Channel 5 The Railway Killers: John Duffy’s confession after 9 year silence that led to capture of accomplice

John Duffy had remained silent for nine years after he was arrested for the brutal murders of young women in and around London that shocked the nation.

But when he broke that silence he revealed he had an accomplice in the murders he committed, and it was the same man police now suspected was still attacking women nine years later in 1997.

This shock breakthrough led to a huge police investigation, one of the biggest in the nation’s history which culminated in the two rapists and murderers facing each other down in court, reports the Mirror.

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David Mulcahy was finally brought to justice in 2001

It also meant that their victims and their victim’s families finally saw justice.

Duffy’s murders began in 1985 with 19-year-old Alison Day who was raped and strangled near Hackney Wick station, making global headlines.

Then in 1986, 15-year-old Dutch girl Martje Tamboezer was attacked and killed in similarly brutal fashion cycling near Horsely station in Surrey.

Anne Lock, 29, disappeared after getting off a train in Hertfordshire just months later, and when her body was found in undergrowth police knew these murders were the work of the same man.

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Racing to catch the killer, the police identified as many as 68 rapes and sexual offences 1982 to 1986 they believed could have been committed by the same person.

Duffy, an unemployed carpenter from Kilburn, North London was eventually caught with a whole host of incriminating evidence at his home including knives and books on kidnapping techniques.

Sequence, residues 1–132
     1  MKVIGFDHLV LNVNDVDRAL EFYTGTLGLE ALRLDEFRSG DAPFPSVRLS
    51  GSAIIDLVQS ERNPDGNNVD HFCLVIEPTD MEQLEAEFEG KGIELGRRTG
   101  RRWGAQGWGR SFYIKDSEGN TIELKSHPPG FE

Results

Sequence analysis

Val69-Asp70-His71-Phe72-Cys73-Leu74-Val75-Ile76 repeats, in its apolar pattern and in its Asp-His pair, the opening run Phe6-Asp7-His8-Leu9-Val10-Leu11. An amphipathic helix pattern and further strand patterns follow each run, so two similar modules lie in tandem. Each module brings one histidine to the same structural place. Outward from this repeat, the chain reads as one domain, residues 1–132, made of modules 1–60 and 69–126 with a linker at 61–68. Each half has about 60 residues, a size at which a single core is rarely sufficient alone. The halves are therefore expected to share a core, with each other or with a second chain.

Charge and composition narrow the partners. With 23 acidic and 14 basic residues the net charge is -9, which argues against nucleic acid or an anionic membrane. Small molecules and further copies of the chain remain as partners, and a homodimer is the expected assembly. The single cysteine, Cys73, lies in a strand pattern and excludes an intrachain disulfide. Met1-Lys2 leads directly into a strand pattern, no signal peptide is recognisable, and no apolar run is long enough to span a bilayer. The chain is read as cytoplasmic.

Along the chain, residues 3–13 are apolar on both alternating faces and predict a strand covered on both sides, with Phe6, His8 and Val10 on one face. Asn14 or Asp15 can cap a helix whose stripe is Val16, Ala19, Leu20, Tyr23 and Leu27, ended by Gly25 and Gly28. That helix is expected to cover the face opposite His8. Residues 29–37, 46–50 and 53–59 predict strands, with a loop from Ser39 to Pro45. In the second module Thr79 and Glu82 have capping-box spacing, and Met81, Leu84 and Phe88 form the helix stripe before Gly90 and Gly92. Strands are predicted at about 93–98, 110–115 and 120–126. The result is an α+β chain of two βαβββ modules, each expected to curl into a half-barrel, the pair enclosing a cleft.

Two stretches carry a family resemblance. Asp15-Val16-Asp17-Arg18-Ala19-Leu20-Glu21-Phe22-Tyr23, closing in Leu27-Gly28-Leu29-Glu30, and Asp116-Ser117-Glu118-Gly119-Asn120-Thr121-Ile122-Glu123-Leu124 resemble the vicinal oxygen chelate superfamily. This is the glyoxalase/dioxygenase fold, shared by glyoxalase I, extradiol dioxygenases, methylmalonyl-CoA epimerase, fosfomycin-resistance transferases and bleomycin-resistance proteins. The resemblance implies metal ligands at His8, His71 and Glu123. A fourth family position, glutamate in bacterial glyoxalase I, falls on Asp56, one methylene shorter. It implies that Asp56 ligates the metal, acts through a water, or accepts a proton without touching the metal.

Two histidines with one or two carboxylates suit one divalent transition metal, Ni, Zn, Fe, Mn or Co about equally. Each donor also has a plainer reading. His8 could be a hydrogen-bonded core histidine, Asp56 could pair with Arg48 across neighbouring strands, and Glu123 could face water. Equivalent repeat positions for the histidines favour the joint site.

He was convicted of four rapes and two murders, but nothing more due to lack of evidence.

Then came nine years of silence before police managed to crack Duffy, who incriminated his childhood friend David Mulcahy as his murderous accomplice.

The two friends were bullied at school and developed sadistic streaks torturing animals before moving onto attacking women.

In court, Duffy said: “We would have balaclavas and knives. We used to call it hunting. We did it as a bit of a joke.”

With a DNA evidence match on their side police swooped to arrest Mulcahy in 1999 who remained smug and confident nothing could be proved.

Detective Inspector Mick Freeman was interviewing Mulcahy, and in the Channel 5 documentary he explains: “Throughout all the interviews he was extremely cocky and all I got for any question was ‘no comment’ all the way through.

“He thought we had nothing on him and he could walk out scot free again.

Det Insp Mick Freeman features in the documentary

Det Insp Mick Freeman features in the documentary

“I asked him if he knew what DNA was and again he said, ‘no comment’.

“I then informed him his DNA had been found on an exhibit from a rape in Hampstead Heath in the early 80s.

“He started to gag and choke, he then threw up. It was the moment he realised he wasn’t going to wriggle
out of it any more.”

In February 2001 Mulcahy was found guilty of five rapes, five counts of conspiracy to rape and two murders, receiving three life sentences.

Duffy, who testified against his childhood friend in court, also received an extra 12 years in prison for his part.

The two remain in prison with no chance of parole.

To hear more about the investigation and prosecutions, and from those involved in the case, you can watch The Railway Killers at 9pm Wednesday (August 18) on Channel 5.

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